Tools and decision aid tools to manage Superficial Scald in apples

Tools and decision aid tools to manage Superficial Scald in apples

by Rob Blakey, WSU Extension Specialist, Post Harvest

Superficial scald, also called storage scald, is a pre-eminent physiological disorder caused by chilling injury. This article is a brief overview and update on scald management. Superficial scald symptoms are:
- Diffuse i.e. no defined edges between affected and unaffected skin,
- Irregular,
- Restricted to the skin, and
- Light brown to dark brown to black in color.

Symptoms most often appear on the shaded side of fruit, and are accelerated with removal from cold storage. Variants can include rugose scald and lenticel scald (Meigh 1970, Wilkinson and Fidler, 1973). 

Physiology of Superficial Scald
The skin browning seen in superficial scald is caused by the oxidation of α-farnesene, a volatile compound naturally produced by the apple. This compound accumulates in the wax layer during the first 8-12 weeks of cold storage (Lurie and Watkins, 2012). The concentration of α-farnesene as the fruit ripens, tracking ethylene production. It is oxidized by atmospheric oxygen.

Risk Factors
1.      Fruit Maturity & Cultivar
Scald is increased when fruit are harvested when physiologically immature (Wang and Dilley, 1999). These are typically (i) highly colored strains, which can and are picked earlier, (ii) Granny Smith, which is picked while immature to maintain green color, and (iii) fruit for long term storage, which are picked immature or marginally mature. Fruit with starch values less than 3 on 0-6 starch clearing index have a higher risk of developing superficial scald.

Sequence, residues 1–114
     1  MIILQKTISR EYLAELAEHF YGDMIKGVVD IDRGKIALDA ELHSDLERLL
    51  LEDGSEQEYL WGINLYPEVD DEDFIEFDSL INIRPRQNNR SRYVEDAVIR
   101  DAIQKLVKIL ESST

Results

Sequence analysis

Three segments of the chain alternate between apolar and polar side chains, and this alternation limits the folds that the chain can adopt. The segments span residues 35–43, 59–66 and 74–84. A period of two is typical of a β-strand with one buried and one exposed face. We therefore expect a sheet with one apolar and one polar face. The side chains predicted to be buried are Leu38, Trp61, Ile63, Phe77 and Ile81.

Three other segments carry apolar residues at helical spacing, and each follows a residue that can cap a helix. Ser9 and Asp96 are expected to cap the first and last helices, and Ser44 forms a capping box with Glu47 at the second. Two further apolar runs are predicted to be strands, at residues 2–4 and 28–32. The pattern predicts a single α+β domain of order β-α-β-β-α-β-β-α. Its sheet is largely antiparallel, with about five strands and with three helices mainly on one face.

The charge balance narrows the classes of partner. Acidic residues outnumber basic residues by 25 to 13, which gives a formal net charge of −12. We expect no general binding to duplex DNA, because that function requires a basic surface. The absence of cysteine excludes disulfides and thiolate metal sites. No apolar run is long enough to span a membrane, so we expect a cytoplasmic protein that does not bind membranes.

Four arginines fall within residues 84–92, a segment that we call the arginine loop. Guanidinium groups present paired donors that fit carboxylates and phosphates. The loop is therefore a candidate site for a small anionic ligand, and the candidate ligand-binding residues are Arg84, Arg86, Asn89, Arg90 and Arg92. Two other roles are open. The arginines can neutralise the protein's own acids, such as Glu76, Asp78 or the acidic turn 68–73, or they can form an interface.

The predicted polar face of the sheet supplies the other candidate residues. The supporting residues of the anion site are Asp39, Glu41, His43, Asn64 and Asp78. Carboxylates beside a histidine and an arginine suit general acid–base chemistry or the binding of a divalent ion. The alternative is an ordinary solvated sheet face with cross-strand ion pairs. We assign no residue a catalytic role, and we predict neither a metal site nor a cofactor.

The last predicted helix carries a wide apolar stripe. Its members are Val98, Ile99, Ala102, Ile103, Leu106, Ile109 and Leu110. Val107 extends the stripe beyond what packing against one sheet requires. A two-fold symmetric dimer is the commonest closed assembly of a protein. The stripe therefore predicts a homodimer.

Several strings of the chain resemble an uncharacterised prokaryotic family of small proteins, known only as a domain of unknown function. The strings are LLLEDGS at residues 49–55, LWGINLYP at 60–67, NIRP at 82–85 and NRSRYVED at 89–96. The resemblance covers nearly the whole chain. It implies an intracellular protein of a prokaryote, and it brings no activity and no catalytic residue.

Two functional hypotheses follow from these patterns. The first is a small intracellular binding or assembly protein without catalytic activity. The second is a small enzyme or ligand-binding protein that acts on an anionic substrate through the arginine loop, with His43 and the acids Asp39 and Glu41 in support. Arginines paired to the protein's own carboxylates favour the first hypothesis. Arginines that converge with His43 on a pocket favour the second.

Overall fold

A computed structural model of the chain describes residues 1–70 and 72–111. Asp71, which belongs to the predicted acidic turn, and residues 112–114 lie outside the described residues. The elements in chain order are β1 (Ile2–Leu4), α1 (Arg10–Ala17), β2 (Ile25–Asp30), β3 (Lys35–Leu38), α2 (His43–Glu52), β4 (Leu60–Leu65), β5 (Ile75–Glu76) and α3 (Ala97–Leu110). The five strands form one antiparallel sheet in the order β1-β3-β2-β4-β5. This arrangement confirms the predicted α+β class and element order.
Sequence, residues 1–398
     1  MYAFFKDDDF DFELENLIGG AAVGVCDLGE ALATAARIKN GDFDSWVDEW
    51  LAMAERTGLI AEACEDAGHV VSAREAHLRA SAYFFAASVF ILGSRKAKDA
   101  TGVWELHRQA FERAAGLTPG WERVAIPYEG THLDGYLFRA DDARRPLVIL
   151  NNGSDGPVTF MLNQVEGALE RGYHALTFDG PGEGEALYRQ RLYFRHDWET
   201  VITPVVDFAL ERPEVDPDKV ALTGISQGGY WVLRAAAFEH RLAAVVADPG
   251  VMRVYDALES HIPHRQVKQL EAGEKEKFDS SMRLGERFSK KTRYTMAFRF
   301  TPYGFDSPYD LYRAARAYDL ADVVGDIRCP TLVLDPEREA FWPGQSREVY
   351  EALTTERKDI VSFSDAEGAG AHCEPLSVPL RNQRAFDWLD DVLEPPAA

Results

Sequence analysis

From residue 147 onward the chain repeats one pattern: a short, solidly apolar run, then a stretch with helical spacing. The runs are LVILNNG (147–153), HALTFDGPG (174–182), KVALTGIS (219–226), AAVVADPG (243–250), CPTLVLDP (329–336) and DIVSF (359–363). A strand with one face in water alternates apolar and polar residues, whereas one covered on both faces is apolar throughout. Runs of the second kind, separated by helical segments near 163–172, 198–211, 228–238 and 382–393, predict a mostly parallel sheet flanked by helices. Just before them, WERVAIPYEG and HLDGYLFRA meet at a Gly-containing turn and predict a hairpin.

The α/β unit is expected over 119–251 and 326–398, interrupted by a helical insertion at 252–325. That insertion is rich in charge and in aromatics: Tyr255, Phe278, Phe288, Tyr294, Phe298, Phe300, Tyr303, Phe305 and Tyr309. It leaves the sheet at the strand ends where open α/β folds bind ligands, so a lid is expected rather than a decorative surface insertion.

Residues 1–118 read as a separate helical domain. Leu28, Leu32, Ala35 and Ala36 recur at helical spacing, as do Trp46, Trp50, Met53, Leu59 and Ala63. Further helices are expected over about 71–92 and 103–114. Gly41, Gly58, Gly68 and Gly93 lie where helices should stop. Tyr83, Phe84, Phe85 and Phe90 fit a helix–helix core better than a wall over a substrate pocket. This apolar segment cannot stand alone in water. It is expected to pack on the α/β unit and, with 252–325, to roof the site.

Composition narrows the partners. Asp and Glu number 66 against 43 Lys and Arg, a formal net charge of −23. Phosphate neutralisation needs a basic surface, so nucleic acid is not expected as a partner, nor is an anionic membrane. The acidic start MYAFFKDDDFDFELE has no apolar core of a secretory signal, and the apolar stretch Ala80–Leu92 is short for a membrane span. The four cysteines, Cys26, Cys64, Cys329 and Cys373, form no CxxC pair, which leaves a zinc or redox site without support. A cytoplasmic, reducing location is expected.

See the original article (bottom) for Table 1 -  Superficial scald risk for major apple cultivars in Washington, adapted from Kupferman (2001) and Lurie and Watkins (2012).

2.      Orchard Temperature
Fruit from orchards that have had less than 150 cumulative hours below 50°F (10°C) have a higher risk of developing superficial scald – see the Decision Aid section below. Temperatures above 77°F (25°C) during the month prior to harvest increase the risk of fruit developing scald (Kupferman, 2001).

3.      Nutrient Content & Fruit Size
Fruit with high potassium, high nitrogen, and low calcium have a greater risk of developing scald (and bitter pit). Larger fruit have a higher risk of developing scald.

4.      Climate and Moisture